Wnt is one of the most investigated signaling pathways in developmental biology and pathophysiology of various diseases. Wnt genes encode a family of about 20 small secreted proteins, which are highly conserved across various organisms . Wnt receptor activation leads to signal transduction via three different pathways: a canonical Wnt/β-catenin cascade, noncanonical planar cell polarity pathway, and the Wnt/Ca2+ pathway . Notably, the Wnt/β-catenin pathway is the best understood of these signaling cascades. When Wnt proteins are not bound to a receptor, a serine/threonine kinase complex that includes Axin, casein kinase 1, and glycogen synthase kinase 3 beta (GSK-3β) phosphorylates β-catenin, which can then be degraded by E3 ubiquitin ligases . However, once Wnt proteins bind their receptors, the kinase complex is recruited to the receptor, which leads to the stabilization of β-catenin . Subsequently, β-catenin translocates into the nucleus, binds to T cell factor/lymphoid enhancer factor (Tcf/Lef), and activates the transcription of target genes .
Regulation of chondrocyte generation and differentiation by the canonical Wnt/β-catenin pathway has been extensively investigated using transgenic and tissue-specific knockout mice. Skeletal formation is severely impaired in mouse embryos by chondrocyte-specific constitutive activation of Wnt/β-catenin signaling [11, 12, 13]. Interestingly, inactivation or inhibition of Wnt/β-catenin signaling also leads to severe impairment of skeletal growth [14, 15, 16]. These findings indicate that Wnt/β-catenin signaling activity is restrictively regulated in chondrocyte generation and differentiation during development . Similarly, regulation of articular cartilage by Wnt/β-catenin signaling is complicated and somewhat contradictory. Transgenic mice expressing an inhibitor of β-catenin and Tcf in chondrocytes displayed enhanced articular cartilage destruction . However, stabilization of β-catenin in adult chondrocytes also enhanced OA progression . Reasons underlying these contradictory findings have not yet been reported.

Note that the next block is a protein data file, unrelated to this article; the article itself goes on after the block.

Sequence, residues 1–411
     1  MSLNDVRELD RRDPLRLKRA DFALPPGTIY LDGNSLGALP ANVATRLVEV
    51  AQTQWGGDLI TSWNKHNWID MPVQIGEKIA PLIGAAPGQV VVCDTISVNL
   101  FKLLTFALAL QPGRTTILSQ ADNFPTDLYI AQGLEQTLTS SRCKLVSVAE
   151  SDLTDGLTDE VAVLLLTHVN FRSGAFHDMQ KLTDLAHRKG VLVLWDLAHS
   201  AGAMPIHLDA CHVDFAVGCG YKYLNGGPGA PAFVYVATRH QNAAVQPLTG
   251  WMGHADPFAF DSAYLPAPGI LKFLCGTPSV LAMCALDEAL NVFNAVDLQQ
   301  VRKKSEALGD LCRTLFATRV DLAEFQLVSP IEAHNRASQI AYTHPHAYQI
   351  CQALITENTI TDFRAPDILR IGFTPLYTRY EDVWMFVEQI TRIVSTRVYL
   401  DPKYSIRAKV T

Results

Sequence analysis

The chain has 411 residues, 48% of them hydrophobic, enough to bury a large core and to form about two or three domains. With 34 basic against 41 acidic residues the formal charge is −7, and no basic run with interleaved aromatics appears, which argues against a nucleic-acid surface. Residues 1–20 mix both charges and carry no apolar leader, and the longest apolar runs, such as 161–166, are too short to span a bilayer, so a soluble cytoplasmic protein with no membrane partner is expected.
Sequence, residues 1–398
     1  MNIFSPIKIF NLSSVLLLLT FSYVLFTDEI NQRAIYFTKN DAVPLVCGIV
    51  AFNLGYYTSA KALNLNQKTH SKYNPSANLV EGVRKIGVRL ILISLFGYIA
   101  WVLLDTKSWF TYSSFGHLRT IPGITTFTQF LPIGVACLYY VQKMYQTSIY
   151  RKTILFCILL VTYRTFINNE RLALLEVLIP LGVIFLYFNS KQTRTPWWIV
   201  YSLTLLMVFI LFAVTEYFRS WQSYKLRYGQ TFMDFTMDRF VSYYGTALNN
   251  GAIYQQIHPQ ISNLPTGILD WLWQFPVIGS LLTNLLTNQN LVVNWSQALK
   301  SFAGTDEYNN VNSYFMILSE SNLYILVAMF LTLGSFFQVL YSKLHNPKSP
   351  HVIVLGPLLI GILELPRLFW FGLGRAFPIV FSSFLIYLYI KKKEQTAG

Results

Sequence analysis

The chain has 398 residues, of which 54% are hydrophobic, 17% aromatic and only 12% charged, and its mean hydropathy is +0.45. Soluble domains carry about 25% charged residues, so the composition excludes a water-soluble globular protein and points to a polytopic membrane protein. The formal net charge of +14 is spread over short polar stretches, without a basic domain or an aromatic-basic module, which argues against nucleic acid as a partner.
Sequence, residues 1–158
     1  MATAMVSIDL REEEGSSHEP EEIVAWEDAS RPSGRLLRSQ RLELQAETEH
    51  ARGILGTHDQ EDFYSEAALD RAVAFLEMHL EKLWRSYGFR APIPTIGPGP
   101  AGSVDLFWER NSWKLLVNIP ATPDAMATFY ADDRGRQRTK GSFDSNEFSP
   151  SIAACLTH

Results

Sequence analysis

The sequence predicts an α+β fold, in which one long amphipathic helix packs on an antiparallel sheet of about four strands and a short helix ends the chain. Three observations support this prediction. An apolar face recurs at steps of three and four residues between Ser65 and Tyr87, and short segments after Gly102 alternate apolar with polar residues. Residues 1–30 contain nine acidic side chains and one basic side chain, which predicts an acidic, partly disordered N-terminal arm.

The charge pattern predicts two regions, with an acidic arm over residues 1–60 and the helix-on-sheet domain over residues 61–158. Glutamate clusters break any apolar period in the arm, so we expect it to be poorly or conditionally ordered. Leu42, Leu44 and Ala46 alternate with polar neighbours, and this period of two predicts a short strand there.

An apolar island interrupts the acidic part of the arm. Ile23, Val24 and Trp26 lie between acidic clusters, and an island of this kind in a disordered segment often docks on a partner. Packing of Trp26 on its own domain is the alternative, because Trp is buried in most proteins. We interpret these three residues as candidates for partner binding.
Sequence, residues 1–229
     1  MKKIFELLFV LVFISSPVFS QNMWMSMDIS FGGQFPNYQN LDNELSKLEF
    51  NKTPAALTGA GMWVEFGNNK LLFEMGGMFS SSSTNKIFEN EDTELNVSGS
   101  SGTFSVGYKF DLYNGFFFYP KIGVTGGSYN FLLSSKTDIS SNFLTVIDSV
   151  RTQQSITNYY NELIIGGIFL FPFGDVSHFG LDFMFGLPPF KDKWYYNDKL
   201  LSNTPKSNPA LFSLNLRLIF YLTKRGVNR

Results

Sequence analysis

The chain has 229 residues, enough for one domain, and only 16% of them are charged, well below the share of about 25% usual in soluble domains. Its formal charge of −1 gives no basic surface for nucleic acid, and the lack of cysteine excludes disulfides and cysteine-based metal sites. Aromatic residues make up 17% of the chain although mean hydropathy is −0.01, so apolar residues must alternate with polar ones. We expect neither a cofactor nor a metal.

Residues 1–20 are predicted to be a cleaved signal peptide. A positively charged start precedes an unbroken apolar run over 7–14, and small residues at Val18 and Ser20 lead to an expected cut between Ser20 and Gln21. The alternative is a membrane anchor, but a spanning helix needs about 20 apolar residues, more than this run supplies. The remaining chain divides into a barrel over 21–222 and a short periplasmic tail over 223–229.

Recently, roles of articular cartilage superficial zone (SFZ) cells have been the focus of several studies. SFZ cells are thought to have different properties from chondrocytes in the deeper zone (DZ). SFZ cells produce lubricin (encoded by Prg4), a protein responsible for the lubrication of articular joints that contributes to the protection of articular cartilage [18, 19]. In the newborn period, joints of Prg4-knockout mice appear normal . However, as the mice aged, their joints exhibited early wear and increased friction compared with WT mice . Previous studies have shown that Wnt/β-catenin signaling is constitutively activated in the SFZ and required for SFZ formation during skeletal development [20, 21]. A recent cell tracking study using Prg4-CreERT2 mice further revealed that Prg4-expressing cells located at the joint surface in embryos or young mice include a progenitor population for mature DZ chondrocytes . Based on these findings, we hypothesized that Wnt/β-catenin signaling activity may contribute to the maintenance of the SFZ and further homeostasis of articular joints in adulthood similarly to the developmental period.